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Help! Getting shocked while playing!

Discussion in 'Amps and Cabs [BG]' started by drehoh177, Jun 28, 2012.


  1. drehoh177

    drehoh177

    Jun 20, 2012
    So I recently got a new bass head and cab (Ampeg pf-350 and svr-212) and when I'm playing on a concrete floor without shoes I experience a shock. It's not when I touch my strings with my fingers though, only really on my forearm. It's enough of a shock though that it feels like pin pricks. I have my amp plugged into a power strip that has an LED ground light that is on. My bass has active pickups but I've never experienced this before. What is the problem here? Do I have a bad amp? :crying:
     
  2. Firesalt

    Firesalt Is good enough. Supporting Member

    May 18, 2010
    Charlotte, NC
    It's probably a grounding issue. Take a multimeter and measure that the ground pin has continuity between it and the chassis, make sure the hot pins DO NOT. It also may be an outlet issue... but certainly a grounding issue it is.
     
  3. +1. And wear shoes until you fix the problem (PS- I like playing barefoot too).
     
  4. LowEZ

    LowEZ Supporting Member

    Mar 29, 2011
    Central NJ
    Maybe that LED is a ground fault indicator?
     
  5. Maybe, but you'd think in that case the strip would shut down with a ground fault.
    OP: try bypassing the power strip, going directly to the outlet. Do NOT EVER use a three prong to two prong adapter.
    I hate to say it but if this just started happening, with a new amp, it's almost certainly the amp. And it may be very dangerous- be careful, and get it fixed.
     
  6. BbbyBld

    BbbyBld

    Oct 13, 2005
    Meridian, MS
    I've had that happen in my basement when playing a variety of amps barefoot. It's an older house, and someone replaced the outlets with the three prong type and there is no real ground. In that case, the outlet should be replaced with the GFCI type so there is no danger of electrocution (I think that's part of the standard residential electrical code, at least it is where I live). I recommend that you do that and stand on a rug with a rubber base to take away the "tickle" if you just have to play barefoot. Don't leave the rug on the concrete when you're not using it because it will absorb moisture and possibly not work as well.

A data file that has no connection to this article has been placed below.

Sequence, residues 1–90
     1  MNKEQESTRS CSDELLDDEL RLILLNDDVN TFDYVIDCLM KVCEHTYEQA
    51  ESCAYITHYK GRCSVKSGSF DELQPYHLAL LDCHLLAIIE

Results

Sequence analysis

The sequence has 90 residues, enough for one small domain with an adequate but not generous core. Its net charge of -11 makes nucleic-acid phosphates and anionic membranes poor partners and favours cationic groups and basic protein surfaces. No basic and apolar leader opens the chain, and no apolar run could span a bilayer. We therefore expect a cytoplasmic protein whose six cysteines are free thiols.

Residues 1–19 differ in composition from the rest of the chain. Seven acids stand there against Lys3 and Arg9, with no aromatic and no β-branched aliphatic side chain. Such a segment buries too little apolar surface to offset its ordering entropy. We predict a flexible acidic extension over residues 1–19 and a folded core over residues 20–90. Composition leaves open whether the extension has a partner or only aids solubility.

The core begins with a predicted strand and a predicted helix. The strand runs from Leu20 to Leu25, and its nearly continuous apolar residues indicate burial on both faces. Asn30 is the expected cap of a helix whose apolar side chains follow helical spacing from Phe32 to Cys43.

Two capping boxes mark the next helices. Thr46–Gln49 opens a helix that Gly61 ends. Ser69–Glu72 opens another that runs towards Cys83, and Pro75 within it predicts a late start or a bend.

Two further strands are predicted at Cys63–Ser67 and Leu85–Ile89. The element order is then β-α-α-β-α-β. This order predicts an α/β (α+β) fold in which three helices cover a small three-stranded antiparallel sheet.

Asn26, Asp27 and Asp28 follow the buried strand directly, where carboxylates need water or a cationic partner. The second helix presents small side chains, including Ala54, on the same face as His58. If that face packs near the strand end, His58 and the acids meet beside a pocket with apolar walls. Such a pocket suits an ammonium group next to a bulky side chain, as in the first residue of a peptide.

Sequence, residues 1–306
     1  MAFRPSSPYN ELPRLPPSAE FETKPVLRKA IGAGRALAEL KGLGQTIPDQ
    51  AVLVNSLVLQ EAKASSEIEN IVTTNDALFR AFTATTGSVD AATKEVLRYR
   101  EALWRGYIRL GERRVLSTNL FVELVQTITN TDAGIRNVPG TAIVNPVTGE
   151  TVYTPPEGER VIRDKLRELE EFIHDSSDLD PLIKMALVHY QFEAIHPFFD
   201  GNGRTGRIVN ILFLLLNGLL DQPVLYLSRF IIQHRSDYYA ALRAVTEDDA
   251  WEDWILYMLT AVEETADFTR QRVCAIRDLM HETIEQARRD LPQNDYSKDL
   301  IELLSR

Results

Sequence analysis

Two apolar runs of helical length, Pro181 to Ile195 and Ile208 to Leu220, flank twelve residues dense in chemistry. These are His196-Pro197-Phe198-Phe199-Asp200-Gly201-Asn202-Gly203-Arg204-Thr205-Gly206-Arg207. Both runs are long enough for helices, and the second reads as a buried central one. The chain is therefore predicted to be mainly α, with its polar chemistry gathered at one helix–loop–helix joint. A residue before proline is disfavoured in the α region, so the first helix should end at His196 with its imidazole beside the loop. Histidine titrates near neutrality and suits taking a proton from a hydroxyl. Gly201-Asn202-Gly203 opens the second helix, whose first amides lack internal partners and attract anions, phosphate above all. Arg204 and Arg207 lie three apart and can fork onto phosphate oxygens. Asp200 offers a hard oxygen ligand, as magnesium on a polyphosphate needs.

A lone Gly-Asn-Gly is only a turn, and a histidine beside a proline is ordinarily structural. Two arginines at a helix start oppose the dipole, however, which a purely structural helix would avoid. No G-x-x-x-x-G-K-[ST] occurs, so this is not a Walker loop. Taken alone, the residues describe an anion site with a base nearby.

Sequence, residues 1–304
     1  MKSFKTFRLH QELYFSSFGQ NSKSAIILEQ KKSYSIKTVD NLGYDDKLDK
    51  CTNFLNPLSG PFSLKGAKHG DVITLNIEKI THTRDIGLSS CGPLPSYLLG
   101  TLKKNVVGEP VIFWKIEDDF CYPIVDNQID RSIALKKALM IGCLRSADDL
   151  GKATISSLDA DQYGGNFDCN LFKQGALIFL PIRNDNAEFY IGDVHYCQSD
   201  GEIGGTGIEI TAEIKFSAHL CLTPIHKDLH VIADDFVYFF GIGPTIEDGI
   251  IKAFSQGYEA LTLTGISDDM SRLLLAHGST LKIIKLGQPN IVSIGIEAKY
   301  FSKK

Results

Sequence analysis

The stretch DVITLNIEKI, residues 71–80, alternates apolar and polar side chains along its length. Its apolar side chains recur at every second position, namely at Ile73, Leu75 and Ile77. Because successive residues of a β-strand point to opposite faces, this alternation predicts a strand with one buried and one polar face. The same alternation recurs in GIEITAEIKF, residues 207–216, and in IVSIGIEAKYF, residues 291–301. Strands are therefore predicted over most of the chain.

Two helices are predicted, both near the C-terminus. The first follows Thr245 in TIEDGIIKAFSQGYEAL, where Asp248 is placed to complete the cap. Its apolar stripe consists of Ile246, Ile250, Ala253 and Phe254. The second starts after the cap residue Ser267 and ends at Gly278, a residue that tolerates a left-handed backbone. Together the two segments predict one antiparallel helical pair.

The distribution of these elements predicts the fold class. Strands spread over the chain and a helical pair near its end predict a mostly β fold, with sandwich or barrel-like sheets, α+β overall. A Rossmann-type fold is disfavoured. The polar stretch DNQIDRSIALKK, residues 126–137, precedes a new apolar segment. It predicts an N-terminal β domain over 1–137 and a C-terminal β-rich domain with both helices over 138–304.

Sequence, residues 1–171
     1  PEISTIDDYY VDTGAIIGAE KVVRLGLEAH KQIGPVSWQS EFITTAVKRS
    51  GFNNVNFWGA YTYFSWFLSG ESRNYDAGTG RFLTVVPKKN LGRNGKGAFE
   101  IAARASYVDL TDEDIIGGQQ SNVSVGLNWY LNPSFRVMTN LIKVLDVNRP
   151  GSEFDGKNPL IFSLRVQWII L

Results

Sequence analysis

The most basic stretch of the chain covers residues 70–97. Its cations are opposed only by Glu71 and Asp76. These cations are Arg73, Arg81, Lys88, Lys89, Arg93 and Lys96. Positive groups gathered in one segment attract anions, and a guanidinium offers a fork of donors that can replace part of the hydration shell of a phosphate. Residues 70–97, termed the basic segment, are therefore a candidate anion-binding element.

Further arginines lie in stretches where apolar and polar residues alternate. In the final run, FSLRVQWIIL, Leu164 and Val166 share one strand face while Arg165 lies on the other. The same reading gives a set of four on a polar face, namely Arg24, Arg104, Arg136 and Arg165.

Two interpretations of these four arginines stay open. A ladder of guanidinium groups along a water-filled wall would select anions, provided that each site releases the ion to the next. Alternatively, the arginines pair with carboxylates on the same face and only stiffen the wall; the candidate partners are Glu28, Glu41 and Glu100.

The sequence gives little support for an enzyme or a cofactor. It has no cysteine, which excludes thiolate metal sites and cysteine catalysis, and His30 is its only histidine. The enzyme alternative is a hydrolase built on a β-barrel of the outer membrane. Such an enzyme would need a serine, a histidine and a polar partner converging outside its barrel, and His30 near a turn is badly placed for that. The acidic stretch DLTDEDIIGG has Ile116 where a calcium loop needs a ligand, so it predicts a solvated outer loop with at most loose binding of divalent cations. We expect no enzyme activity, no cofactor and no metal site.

Electrical products have leakage current that can be caused by difference in potential between the chassis and earth ground, or it can be caused by certain types of radio interference filter circuits inside of the product. The safety ground helps to minimize this potential, but doesn't always get rid of it. Some products have more than others, but it's regulated and has to be below a certain limit. Any reputable product should have UL, CE, ETL, etc... and must comply with the leakage current limit.
     
  7. wcriley

    wcriley

    Apr 5, 2010
    Western PA
    Does a GFCI work without proper ground wiring in the house? I always thought a ground wire had to be added.
     
  8. No comment other than to say *thank you* for not saying you got electrocuted. :D
     
  9. Yes. It does not rely on the presence of a ground. It measures the current leaving the Hot conductor and returning to the Neutral conductor. If the outgoing and returning currents do not match, it will trip.
     
  10. Yes, there must be a ground.
     
  11. No, there does not.
     
  12. Do some research. Ground is not part of the equation. Some appliances, such as my girlfriend's new hair dryer, have two-prong plugs yet they incorporate a GFCI into the cord.
     
  13. Ok, thanks for the correction. But, I’d think I rather have a properly wired and grounded AC outlet.
     
  14. Absolutely. It is remotely possible that the GFCI, being a somewhat complex device, could fail. A proper ground will always save your butt.
     
  15. wcriley

    wcriley

    Apr 5, 2010
    Western PA
    Thanks for clearing that up for me, dmusic.
     
  16. NP. I just recently learned this myself, when the GF showed up with the new hairdryer.
     

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